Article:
Hard-core predicate

In cryptography, a hard-core predicate of a one-way function f is a predicate b which is easy to compute but is hard to compute given f(x). In formal terms, there is no probabilistic polynomial-time (PPT) algorithm that computes b(x) from f(x) with probability significantly greater than one half over random choice of x. In other words, if x is drawn uniformly at random, then given f(x), any PPT adversary can only distinguish the hard-core bit b(x) and a uniformly random bit with negligible advantage over the length of x.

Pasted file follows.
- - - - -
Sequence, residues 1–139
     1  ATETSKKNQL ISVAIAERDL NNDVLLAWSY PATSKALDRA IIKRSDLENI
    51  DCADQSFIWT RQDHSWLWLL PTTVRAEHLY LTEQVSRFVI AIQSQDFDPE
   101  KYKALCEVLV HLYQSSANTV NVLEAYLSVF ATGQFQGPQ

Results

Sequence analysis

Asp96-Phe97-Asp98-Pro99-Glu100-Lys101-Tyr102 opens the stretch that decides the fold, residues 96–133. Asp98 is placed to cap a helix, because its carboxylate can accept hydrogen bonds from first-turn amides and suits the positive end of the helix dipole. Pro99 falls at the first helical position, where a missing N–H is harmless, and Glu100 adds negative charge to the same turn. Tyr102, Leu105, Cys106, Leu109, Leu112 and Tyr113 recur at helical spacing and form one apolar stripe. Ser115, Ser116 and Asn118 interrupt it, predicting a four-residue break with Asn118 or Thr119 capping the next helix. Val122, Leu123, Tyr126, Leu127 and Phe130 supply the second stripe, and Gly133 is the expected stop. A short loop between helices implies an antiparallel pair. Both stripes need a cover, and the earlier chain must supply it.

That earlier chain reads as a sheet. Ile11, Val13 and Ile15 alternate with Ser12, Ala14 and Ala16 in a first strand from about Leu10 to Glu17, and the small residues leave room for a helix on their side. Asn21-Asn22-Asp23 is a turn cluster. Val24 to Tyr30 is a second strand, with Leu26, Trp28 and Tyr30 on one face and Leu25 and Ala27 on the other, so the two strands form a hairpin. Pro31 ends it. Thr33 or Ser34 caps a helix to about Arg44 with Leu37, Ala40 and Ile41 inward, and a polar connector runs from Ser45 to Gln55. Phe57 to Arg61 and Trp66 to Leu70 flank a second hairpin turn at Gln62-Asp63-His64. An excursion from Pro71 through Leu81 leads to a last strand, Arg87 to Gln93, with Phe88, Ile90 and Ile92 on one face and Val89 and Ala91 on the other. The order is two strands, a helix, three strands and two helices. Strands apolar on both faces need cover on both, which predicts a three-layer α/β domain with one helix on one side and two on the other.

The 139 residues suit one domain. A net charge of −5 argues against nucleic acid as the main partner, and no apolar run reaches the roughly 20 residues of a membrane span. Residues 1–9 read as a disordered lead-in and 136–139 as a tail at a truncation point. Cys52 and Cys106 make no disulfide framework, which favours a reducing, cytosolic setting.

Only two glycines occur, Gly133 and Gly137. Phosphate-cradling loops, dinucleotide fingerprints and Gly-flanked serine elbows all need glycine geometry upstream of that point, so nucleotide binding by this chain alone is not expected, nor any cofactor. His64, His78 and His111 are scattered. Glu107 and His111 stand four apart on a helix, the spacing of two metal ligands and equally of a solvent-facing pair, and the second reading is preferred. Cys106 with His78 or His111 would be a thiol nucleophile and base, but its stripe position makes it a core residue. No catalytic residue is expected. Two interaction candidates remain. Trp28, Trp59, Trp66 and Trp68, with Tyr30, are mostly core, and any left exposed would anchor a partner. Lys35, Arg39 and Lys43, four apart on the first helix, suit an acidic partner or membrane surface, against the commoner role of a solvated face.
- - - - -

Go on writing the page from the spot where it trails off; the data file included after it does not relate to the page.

In cryptography, a hard-core predicate of a one-way function f is a predicate b which is easy to compute but is hard to compute given f(x). In formal terms, there is no probabilistic polynomial-time (PPT) algorithm that computes b(x) from f(x) with probability significantly greater than one half over random choice of x. In other words, if x is drawn uniformly at random, then given f(x), any PPT adversary can only distinguish the hard-core bit b(x) and a uniformly random bit with negligible advantage over the length of x.
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